interaction is the result of changes in cultivar's
relative performance across environments due to
differential responses of the genotypes to various
edaphic, climatic and biotic factors and this is help to
identifying suitable genotype for specific location
(Yasin Muhammad et al., 2003).
Table 3. Effect of Location by variety on dry matter yield, cutting height, number of tillers per plant and LTSR
grown in irrigated lowland of Dassench and Hamer districts in South Omo in 2019 cropping year.
Tested variety
Location
Parameter measured
DMY
(t ha-1)
Cutting height
(cm)
NTPP
LTSR
Kulumsa-DZF#591
Dassench
27.80ab
126.33ab
48.67b
0.56bc
Hamer
23.03ab
121.33ab
49.67b
1.39a
Kindokisha-DZF#592
Dassench
22.93ab
168.00a
49.00b
0.85bc
Hamer
22.78ab
116.67ab
43.00b
1.30a
Areka-DZF#590
Dassench
38.82a
101.00b
96.67a
0.93b
Hamer
31.35ab
113.33ab
47.00b
0.51d
Areka Local
Dassench
20.1c
96.53b
49.67b
0.52d
Hamer
13.51c
80.67b
54.00b
0.50d
SEM
4.39
30.28
11.06
0.15
LSD
9.42
64.95
23.72
0.31
Note: Means with the same letter(s) across column for forage dry matter yield, cutting height, tillers per plant and LTSR at 65 days are
not significantly different at P>0.05. SEM = Standard error of mean and LSD = Least Significance difference.
3.4. Chemical Composition of Desho Grass
Varieties
The chemical compositions of tested Desho grass
varieties grown in irrigated lowland of Dassench and
Hamer districts are presented in Table4. The findings
from this study for DM%, Ash, CP, NDF and ADF
were not significantly (P>0.05) varied for all tested
varieties. However, the Areka-DZF590 variety had
higher (P>0.05) CP content as compared to Areka
local variety used as local check. The variety used as
local check had higher (P<0.05) NDF than Areka-
DZF#590 and Kulumisa-DZF#590 varieties but it
was comparable (P>0.05) to the Kindo-
KishaDZF#591 variety. On the other hand, Areka-
DZF#590, Kulumisa-DZF#590 and KindoKisha-
DZF#591 varieties had similar (P>0.05) NDF
contents. The similarity in crude protein, ash and
ADF for all tested Desho grass varieties is due to
similarity in genetic make-up of varieties to
accumulate similar nitrogen contents in a given
environment. The result obtained from our study for
CP value for all tested Desho grass varieties were
higher than previously reported values by different
authors. Accordingly, the CP values which ranges
from 6.93-9.38% under different spacing and
harvesting stages (Asmare Bimrew et al., 2017); the
reported CP values was also ranges from 7.86- 8.84%
and 3.97-7.81% under different agro-ecologies
respectively by Bimrew Asmare et al. (2018) and
Genet Tilahun et al. (2017), respectively. Generally,
the previously reported studies by Leng (1990) and
Smith(1993) indicated that crude protein content of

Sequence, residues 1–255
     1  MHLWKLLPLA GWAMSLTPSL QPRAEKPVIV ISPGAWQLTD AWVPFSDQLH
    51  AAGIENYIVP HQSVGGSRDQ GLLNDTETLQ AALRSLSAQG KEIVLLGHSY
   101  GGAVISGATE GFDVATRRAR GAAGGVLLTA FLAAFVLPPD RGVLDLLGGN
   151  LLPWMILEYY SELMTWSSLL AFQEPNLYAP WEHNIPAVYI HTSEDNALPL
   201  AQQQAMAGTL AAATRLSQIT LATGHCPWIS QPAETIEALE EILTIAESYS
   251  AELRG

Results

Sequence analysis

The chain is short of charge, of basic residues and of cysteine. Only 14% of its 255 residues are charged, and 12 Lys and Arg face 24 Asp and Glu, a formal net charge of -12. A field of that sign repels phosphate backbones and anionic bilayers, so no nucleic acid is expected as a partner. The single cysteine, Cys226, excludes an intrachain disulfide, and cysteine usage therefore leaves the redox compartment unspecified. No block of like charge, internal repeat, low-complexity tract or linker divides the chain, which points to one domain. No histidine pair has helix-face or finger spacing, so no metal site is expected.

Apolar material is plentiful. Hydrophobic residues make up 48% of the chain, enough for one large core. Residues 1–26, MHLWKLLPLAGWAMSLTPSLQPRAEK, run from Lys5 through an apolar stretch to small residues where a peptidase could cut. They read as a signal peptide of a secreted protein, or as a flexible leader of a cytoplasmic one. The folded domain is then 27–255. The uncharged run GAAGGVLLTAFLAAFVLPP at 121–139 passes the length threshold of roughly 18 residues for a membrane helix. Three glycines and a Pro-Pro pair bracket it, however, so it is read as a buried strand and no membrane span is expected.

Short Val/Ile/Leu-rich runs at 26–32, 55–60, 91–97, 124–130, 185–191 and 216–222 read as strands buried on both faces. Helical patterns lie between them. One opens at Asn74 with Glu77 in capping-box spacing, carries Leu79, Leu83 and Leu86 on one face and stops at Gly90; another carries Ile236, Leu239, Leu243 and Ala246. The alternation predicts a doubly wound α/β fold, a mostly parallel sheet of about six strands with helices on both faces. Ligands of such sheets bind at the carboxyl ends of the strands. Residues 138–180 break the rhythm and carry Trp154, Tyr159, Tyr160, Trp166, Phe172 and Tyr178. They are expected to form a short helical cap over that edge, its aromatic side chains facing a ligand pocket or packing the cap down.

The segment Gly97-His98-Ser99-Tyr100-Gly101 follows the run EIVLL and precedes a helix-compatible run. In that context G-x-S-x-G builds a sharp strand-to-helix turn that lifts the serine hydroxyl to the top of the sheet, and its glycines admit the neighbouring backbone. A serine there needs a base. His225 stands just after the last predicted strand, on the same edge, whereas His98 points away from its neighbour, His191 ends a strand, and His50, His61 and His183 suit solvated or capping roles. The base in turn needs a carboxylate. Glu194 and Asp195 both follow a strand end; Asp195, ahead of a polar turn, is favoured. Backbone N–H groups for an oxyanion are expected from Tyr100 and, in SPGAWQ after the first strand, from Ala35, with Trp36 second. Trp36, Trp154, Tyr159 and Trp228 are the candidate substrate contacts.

about 60-70 g/kg, DM is required for maintenance
of ruminant livestock and whereas, the CP content
of 80-130g/kg, DM is required for moderate milk
production (10-15kg/cow/day) for dairy cows
reported by ARC (1984) and Humphreys (1991).
Therefore, the CP content obtained from our study
for all tested Desho grass varieties is above the
maintenance requirement for ruminant livestock and
Denbela and Demerew East African Journal of Sciences Volume 15 (1) 71-78
76
enough to satisfy protein requirement for dairy Cow
to produce 10-15kg milk/ cow/day.
The NDF and ADF are frequently used as
standard for forage quality testing. The NDF
approximates the total cell wall constituents and is
used to predict intake potential in livestock and
whereas, ADF primarily represents cellulose and
lignin, and is often used to calculate digestibility of
feeds (Van Soest, 1994). The value obtained from our
study for NDF is lower than previously reported
value which ranged 72.78-77.68% by Asmare Bimrew
et al. (2017). But it was relatively comparable to values
which ranged from 58.82-63% reported by Bimrew
Asmare et al. (2018). Moreover, the ADF value
obtained from out study was higher than the
previous reported values which ranged from 45.06-
54.27% and 16.63-36.14% respectively by Asmare
Bimrew et al. (2017) and Genet Tilahun et al. (2017).
Generally, the feeds containing NDF values of less
than 45% could be classified as high quality, those
with values ranging from 45% to 65% as medium
and those with values higher than 65% as low quality
(Singh and Oosting, 1992). Based on this
classification all tested Desho grass varieties except
Areka local which used as check variety can be
classified as medium quality forages class.
Table 4. The chemical compositions of Desho grass variety grown in irrigated lowland of Dassench and Hamer
districts in South Omo in 2019 cropping year.
Tested variety
DM (%)
Ash
(g kg1)
CP
(g kg1)
NDF
(g kg1)
ADF
(g, kg1)
Kulumisa-DZF#592
90
108.70
115.50
615.20b
448.40
Areka-DZF#590
90
101.70
129.50
609.40b
479.80
Kindo Kisha-DZF#591
90
97.20
101.10
656.70ab
497.20
Areka Local
89
91.80
90.60
691.50a
505.20
SEM
1.82
1.31
3.74
3.02
2.54
LSD
4.46
3.20
9.14
7.39
6.22
Note: Means with the same letter(s) across column for DM, Ash, CP, NDF and ADF at 50% flowering stage are not significantly
different at P>0.05. DM = dry matter; CP = Crude protein; Ash = Ash percentage; NDF = Neutral detergent fiber; ADF =
Acid detergent fiber ; SEM = Standard error of mean and LSD = Least Significance difference.
4. Conclusion
The Areka-DZF#590 variety gave higher (P < 0.05)
dry matter yield and whereas, the Areka local which
used as check gave lowest dry matter yield. However,
the Kulimisa-DZF#591 and KindoKisha-DZF#592
had higher (P<0.05) leaf to stem ratio and whereas,
Areka local Desho grass variety used as check gave
lower leaf to stem ratio. Pertaining to testing location,
higher (P<0.05) dry matter yield, cutting height,
number of tillers per plant and leaf to stem ratio
obtained from Dassench location than Hamer for all
tested Desho grass varieties. The DM%, Ash, CP and
NDF were not significantly (P > 0.05) varied for all
tested varieties and however, Areka-DZF590 variety
had higher (P > 0.05) CP content as compared to
Areka local variety. Based on results from this study